Alexander Gerard

The Very Rev Alexander Gerard FRSE DD (1728 –1795) was a Scottish minister, academic and philosophical writer. In 1764 he was the Moderator of the General Assembly of the Church of Scotland.


He was born on 22 February 1728, the son of Rev. Gilbert Gerard (died 1738), at the manse in Garioch in Aberdeenshire. He attended Foveran Parish School then Aberdeen Grammar School.[1]

He went to the University of Aberdeen, graduating with an MA in 1744. He then went to the University of Edinburgh to study divinity. He was licensed to preach in 1748.

In 1750 he returned to the Universityof Aberdeen to lecture in moral philosophy, becoming a professor in 1752, based at Marischal College. From 1760 to 1771 he was professor of divinity at Marischal, moving to King's College in 1771. As a professor he introduced various reforms. During this time he was also one of the ministers of the city, serving at Greyfriars Church.[2][3] He was a member of the Aberdeen Philosophical Society, founded by Prof John Gregory and including members such as Prof Thomas Gordon.[4]

In 1783 he was a co-founder of the Royal Society of Edinburgh.

He died on 22 January 1795.


  • In 1756 he gained the prize for an Essay on Taste which, together with an Essay on Genius, he subsequently published. These treatises, though now superseded, gained for him considerable reputation.[2]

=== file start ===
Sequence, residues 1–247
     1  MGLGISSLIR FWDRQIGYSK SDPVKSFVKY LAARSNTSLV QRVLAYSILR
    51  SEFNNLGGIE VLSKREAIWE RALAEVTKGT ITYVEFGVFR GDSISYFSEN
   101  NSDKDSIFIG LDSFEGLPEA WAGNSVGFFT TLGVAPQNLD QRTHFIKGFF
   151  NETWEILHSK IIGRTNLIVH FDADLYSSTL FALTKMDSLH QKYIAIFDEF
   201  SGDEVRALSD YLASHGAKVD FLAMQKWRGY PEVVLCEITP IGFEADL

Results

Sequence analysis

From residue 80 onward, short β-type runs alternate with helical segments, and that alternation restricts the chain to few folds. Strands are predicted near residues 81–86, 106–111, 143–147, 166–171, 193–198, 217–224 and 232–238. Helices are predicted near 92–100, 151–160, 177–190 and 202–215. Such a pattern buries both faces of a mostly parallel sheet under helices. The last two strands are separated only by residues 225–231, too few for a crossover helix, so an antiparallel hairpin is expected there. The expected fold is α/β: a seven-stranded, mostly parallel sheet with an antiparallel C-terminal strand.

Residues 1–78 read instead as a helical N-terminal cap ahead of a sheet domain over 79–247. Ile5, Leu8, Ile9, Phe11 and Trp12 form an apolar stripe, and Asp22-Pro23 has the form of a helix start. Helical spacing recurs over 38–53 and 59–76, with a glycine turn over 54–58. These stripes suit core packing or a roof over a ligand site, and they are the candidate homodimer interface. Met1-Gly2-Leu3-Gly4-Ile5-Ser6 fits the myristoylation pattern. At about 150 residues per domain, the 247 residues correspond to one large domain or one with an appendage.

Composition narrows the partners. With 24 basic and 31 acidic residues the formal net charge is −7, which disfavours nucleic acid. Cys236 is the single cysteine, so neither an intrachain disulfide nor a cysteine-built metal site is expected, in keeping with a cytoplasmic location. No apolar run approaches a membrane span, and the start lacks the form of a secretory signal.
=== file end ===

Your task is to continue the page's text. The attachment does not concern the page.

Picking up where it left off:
• Compendious View of the Evidences of Natural and Revealed Religion the joint work by Alexander Gerard and his son Gilbert Gerard, published 1828.[5]


Gilbert Gerard was his son.[6]


  1. ^ Biographical Index of Former Fellows of the Royal Society of Edinburgh 1783–2002 (PDF). The Royal Society of Edinburgh. July 2006. ISBN 0 902 198 84 X.
  2. ^ a b William (1910)[page needed]
  3. ^ Lee p.487 (see also main article xxi 210)
  4. ^ "Archives and Manuscripts - Special Collections - University of Aberdeen".
  5. ^ Lee, "Gilbert Gerard", p. 488. (see also main article xxi 220)
  6. ^ "Gerard, Alexander (1738-1795)" . Dictionary of National Biography. London: Smith, Elder & Co. 1885–1900.